Friday, April 19, 2024

Visitors to Cadbury Commons, a senior living facility in Neighborhood 9, communicate with a resident inside on Friday. (Photo: Marc Levy)

Evidence is mounting that one or more Cambridge long-term care centers are coping with a serious outbreak of Covid-19 among residents, yet the city’s public health department and most of the facilities have been silent.

Two of the seven centers, The Cambridge Homes and Neville Place at Fresh Pond, assisted living facilities managed by the same company, have no cases of the virus among residents, the marketing director for the company said Friday. (Two employees at Neville Place were infected, director of marketing and technology Pam Maloney said). That leaves five facilities with a total of 172 residents testing positive as of Friday, according to the city’s latest update of cases.

Besides that, total deaths from the virus jumped to 17 Friday from 10 the day before. Although the city does not say where deaths occur, people in long-term care facilities, particularly nursing homes where residents don’t have their own apartments, are especially vulnerable to the virus because of their age and poor health. At least six of the deaths in Cambridge were residents of long-term care centers, according to a previous city disclosure. Time and time again, Covid-19 has mowed down nursing home residents nationwide after invading a facility.

Test results, some unreported

A Cambridge Day reporter called all the long-term care facilities on Friday. No one except Senior Living Residences, the management company for Neville Place and The Cambridge Homes, called back. But a recorded message at Sancta Maria Nursing Facility said there were cases there, and the executive director of Cadbury Commons assisted living told The Boston Globe that the facility had infections. There was no response from Cambridge Rehabilitation and Nursing Center, Youville House assisted living or Neville Center, a nursing home.

Outside the long-term care centers, 325 residents have tested positive as of Friday, up from 312 on Thursday. The total number of cases in the city rose to 497 on Friday from 483 on Thursday.

Much of the information about cases in nursing homes and assisted living centers came from a groundbreaking testing program by Pro EMS, the city and the Broad Institute of Harvard and the Massachusetts Institute of Technology. Every resident and worker was tested starting April 9 regardless of whether they had symptoms of Covid-19. Results from the first round, announced Monday, showed that an astonishing 203 residents and workers were infected; before the testing program, the city knew of only 48 cases. According to Broad, 1,050 people were tested.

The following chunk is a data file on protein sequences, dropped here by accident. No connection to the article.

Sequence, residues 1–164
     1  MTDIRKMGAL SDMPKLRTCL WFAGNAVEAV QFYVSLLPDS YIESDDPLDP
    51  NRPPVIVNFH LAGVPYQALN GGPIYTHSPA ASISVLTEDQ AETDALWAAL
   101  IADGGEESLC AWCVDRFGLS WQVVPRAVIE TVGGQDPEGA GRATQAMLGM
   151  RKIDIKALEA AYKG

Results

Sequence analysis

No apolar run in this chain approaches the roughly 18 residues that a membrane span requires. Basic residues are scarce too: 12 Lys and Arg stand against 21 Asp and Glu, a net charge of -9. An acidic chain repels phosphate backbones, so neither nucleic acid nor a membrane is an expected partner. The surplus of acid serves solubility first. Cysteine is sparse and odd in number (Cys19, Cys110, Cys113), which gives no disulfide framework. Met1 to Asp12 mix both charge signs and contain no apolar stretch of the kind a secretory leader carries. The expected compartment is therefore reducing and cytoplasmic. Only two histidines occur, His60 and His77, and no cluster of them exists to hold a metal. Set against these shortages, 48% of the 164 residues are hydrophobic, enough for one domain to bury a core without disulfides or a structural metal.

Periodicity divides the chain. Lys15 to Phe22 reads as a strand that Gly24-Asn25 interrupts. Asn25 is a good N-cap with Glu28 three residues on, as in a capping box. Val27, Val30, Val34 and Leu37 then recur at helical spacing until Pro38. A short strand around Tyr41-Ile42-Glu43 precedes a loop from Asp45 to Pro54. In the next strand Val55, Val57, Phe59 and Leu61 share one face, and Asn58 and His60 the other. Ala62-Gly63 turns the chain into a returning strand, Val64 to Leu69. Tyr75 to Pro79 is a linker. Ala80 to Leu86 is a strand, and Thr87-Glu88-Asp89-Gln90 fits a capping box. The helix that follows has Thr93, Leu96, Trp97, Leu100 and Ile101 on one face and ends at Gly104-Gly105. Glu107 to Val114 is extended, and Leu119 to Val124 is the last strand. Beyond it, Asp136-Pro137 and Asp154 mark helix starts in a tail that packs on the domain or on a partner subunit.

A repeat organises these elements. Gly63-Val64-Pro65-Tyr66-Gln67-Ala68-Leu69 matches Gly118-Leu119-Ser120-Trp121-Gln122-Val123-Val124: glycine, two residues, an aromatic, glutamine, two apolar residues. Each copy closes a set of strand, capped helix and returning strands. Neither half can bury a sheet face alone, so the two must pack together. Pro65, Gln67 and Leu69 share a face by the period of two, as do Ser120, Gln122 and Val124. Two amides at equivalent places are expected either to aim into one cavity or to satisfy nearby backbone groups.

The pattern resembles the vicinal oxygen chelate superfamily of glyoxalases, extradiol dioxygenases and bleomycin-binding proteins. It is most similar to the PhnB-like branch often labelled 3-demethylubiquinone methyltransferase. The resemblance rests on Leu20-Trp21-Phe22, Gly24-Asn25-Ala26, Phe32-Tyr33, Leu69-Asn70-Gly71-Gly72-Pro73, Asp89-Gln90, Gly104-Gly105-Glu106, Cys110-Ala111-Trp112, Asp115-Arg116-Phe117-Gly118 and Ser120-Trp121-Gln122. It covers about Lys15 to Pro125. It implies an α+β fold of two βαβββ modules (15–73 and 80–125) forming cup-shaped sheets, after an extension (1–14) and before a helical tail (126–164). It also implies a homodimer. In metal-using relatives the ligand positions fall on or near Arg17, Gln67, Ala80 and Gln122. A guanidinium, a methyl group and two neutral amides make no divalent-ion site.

The city disclosed Monday that 169 of those who tested positive were residents, which leaves 34 workers. Since then, the city has not reported results among employees separately, and the health department says it won’t disclose those cases unless the worker lives in Cambridge. The number of cases among long-term care residents inched up to 172 as of Friday. A second round of testing by Broad began Friday. Cambridge Public Health Department spokeswoman Susan Feinberg didn’t respond when asked whether those results will be made public as the department did for the first round.

Seniors at risk

The health department began posting more demographic information about those infected on Friday, and it shows why residents in long-term care centers are more vulnerable than the general population in Cambridge. An overwhelming proportion of people in nursing homes and assisted living centers who are infected – 83 percent – are 70 and older. Outside the facilities, that share is only 15.4 percent.

The state offers help to nursing homes coping with an outbreak. Federal and state guidelines call for separating nursing home residents who are infected from those who aren’t; the recorded message at Sancta Maria warned families that their relatives might be moved without notice.

At Neville Place, the assisted living center with no current infections among residents, one resident tested positive before the Broad Institute testing program and was hospitalized, according to a letter from executive director Alan Lappas to residents and families dated April 6.

In a Monday letter reporting the Broad’s first-round test results, Lappas said the two workers who tested positive had no symptoms and were no longer in the building. The Cambridge Homes had no infections among its staff. Both letters were provided to Cambridge Day by the management company.